When you window shop over at Frances May, walk across the street to one of the only working milliners in the United States. Dayna of Pinkham Millery will assess your bone structure and excitedly fit you with hats that you would have never picked out yourself. You will get measured and she will custom make a hat for you by hand. Her prices are reasonable for such an experience and she’s the most illuminating person to spend some time with. If you enjoy watching people who are exceptional at what they do, you’ll want to pop by this little gem of a store.
Our first dinner was just around the corner from our hotel at Tasty-n-Adler, and came highly recommended by locals we encountered. Without reservations, we walked in right as they opened to score a table. The food was straightforward and called out farm names, and the cocktails utilized seasonal fruit. Locals seemed to permeate the dining room which gave the impression that the small menu changed a lot, and that this is the kind of food you can eat everyday.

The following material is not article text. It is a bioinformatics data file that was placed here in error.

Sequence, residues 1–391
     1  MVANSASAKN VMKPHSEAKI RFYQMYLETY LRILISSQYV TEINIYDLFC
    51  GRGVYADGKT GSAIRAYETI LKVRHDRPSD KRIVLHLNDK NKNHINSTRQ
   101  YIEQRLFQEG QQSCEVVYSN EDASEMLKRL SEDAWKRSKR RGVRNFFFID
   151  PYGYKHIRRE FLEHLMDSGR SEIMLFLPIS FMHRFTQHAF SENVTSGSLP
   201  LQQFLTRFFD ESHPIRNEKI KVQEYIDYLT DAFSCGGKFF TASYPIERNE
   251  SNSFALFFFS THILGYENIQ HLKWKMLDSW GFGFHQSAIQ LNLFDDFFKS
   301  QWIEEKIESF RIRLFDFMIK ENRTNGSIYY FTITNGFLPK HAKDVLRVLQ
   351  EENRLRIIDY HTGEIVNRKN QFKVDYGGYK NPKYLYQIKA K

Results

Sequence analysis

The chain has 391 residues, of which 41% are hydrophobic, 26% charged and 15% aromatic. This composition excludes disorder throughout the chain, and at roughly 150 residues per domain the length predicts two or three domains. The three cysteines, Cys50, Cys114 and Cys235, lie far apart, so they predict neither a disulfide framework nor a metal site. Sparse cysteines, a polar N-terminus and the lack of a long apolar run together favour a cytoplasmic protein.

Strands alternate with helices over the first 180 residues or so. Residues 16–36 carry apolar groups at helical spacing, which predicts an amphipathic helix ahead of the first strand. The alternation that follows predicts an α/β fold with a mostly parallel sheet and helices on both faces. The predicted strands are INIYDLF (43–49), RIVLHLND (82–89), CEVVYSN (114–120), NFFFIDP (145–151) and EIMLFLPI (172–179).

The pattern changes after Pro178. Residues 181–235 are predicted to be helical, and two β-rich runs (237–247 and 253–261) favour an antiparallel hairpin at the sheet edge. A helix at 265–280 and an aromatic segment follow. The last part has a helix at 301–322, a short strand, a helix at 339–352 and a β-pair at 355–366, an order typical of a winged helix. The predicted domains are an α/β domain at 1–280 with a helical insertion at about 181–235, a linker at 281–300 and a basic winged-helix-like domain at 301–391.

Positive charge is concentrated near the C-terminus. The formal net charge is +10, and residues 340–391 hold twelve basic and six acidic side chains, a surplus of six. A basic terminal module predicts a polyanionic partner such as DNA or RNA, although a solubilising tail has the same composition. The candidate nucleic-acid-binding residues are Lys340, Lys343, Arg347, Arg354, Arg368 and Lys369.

Afterwards, we did some walking downtown where parts of Portland felt like an outdoor mall for successful young professionals with big names like West Elm and Design Within Reach within spitting distance of each other. Other parts were slightly edgy with strip clubs and tattoo parlors, all of which felt considered as they occupied older buildings with modern, thoughtfully designed logos. The streets were remarkably clean, as if they got power washed every night. Seriously, there was no discernible garbage anywhere.